An analysis of the effect of managed care implementation of prescription drug utilization by Texas Medicaid clients

Access full-text files




Richards, Erika Kristin McKeithan

Journal Title

Journal ISSN

Volume Title



This study measured prescription drug utilization and payment changes when Texas Medicaid clients in the Bexar County Service Area moved from a fee-forservice (FFS) to either a health maintenance organization (HMO) or primary care case management (PCCM) health care delivery model. Drug utilization and payment patterns were compared for a six-month period before and a six-month period after the managed care pilot program implementation. Medicaid clients in FFS, HMO, and PCCM programs in three other geographical areas across the state served as comparison groups with the experimental groups in Bexar County. Significant differences across plan designs were found in the mean changes of the following variables between study periods for child and adult clients: 1) prescription drug use rates; 2) the proportion of generic drug use; 3) prescription drug vii payments per claim; and 4) prescription drug payments per client. Furthermore, these changes were found to be significantly different across plan designs for child and adult antibiotic claims, and for child antidepressant claims. Significant differences were found for the following variables for child and adult antihistamine claims, and for child NSAID claims: 1) the proportion of generic drug use; 2) prescription drug payments per claim; and 3) prescription drug payments per client. And for adult antidepressant and NSAID claims, significant differences were found in the following variables: 1) prescription drug use rates; 2) the proportion of generic drug use; and 3) prescription drug payments per client. This study provided evidence of a managed care spillover effect on the prescription drug utilization of Medicaid managed care patients with a carved-out drug benefit. The results of this study should be helpful to Medicaid administrators who make decisions about managed care programs and carved-out drug benefits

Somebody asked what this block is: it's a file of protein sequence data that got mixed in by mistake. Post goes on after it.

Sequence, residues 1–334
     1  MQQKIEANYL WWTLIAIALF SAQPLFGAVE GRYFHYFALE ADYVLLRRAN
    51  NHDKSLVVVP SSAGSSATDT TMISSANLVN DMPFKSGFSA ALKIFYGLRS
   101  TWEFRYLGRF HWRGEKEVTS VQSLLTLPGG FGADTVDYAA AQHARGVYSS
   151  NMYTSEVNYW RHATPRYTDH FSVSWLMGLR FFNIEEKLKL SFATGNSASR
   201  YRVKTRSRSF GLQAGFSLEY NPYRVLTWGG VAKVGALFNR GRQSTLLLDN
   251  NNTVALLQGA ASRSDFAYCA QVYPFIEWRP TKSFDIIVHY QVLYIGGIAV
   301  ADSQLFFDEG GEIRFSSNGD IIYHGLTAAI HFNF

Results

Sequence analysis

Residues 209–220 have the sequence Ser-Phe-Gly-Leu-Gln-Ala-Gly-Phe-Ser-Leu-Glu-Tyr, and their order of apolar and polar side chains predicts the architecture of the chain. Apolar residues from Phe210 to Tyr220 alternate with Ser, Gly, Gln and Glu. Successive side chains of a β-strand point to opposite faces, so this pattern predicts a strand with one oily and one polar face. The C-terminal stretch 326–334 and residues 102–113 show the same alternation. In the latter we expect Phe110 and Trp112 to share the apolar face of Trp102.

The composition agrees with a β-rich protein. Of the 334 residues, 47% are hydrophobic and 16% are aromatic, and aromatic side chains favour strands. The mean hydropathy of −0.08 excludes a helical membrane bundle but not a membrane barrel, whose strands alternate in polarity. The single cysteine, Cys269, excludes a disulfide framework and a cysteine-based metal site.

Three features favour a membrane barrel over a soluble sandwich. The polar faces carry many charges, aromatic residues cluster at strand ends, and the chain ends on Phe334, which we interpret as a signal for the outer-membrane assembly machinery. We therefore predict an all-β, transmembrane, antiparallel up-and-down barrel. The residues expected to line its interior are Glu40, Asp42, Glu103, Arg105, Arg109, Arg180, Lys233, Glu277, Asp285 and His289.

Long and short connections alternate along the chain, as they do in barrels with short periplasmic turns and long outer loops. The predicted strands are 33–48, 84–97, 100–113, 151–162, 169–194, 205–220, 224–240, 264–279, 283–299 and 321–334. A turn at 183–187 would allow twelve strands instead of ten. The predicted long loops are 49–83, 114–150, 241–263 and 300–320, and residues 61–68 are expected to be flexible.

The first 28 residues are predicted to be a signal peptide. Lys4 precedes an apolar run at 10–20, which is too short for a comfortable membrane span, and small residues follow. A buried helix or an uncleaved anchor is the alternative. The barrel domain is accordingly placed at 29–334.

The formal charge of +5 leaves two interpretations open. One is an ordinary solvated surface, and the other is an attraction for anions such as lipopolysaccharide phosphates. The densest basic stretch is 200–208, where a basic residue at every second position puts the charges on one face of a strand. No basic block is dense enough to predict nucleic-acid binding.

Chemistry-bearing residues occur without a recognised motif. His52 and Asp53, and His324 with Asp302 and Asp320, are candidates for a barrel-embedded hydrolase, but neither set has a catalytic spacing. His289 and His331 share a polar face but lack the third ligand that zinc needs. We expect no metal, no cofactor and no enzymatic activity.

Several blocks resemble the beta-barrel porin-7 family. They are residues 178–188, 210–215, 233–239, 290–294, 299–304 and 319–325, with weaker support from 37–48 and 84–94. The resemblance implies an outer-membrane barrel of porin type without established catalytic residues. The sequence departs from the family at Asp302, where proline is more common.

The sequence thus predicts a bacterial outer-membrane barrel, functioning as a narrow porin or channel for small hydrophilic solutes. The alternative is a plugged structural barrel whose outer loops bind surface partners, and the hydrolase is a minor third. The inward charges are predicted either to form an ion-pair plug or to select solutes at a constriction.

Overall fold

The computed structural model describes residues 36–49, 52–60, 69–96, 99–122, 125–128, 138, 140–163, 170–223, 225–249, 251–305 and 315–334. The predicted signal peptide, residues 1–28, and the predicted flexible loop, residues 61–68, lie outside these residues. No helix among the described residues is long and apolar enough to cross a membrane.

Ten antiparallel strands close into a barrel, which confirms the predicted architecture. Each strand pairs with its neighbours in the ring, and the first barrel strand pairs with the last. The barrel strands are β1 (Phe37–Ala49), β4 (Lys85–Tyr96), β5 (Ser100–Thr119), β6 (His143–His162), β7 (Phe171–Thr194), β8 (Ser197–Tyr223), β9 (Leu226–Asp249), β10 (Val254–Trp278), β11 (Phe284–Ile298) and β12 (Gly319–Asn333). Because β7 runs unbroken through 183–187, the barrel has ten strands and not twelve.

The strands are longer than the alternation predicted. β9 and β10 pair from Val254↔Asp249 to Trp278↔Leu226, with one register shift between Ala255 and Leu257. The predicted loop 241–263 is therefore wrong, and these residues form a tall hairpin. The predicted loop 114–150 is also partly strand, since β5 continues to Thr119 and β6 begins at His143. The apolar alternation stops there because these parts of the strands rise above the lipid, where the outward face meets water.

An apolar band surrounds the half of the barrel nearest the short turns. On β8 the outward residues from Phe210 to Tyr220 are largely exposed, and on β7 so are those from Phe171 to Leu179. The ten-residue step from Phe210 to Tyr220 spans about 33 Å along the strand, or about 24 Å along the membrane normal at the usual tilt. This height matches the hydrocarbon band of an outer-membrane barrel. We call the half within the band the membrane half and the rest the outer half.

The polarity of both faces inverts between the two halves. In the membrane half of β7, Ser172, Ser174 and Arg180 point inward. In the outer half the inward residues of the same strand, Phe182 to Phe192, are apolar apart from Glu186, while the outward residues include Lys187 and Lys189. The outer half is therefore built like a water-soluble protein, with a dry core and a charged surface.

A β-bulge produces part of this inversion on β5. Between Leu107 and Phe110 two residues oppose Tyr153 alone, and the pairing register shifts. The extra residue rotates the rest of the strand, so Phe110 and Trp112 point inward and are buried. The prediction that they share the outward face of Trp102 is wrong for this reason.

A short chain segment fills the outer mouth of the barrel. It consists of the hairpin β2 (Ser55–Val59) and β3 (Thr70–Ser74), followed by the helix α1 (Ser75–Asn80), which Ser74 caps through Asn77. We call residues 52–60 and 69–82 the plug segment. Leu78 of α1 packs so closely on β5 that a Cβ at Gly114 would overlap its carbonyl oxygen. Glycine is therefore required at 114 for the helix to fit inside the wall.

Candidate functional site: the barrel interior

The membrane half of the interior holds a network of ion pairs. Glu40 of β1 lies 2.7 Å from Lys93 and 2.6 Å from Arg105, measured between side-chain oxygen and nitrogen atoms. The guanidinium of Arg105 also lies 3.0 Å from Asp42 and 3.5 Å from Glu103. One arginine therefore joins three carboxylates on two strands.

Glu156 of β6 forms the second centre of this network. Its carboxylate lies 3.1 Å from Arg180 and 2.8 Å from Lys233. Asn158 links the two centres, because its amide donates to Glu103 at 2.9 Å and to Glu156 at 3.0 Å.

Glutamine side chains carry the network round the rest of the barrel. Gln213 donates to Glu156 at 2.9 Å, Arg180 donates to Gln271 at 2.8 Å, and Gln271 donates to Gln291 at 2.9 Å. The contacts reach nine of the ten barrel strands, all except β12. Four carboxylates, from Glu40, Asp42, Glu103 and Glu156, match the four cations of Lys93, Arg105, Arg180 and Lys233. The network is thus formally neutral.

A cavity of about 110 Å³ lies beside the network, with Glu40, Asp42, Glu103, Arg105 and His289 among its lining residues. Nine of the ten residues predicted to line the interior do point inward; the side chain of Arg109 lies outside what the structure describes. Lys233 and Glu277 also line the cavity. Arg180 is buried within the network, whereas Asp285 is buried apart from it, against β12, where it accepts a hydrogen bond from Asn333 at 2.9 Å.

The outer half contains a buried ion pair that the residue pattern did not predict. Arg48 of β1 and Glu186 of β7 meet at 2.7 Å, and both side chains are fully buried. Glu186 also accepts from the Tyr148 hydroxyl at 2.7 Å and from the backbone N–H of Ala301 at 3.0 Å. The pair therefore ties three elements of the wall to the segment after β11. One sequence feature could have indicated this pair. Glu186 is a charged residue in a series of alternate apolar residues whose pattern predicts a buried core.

LCSH Subject Headings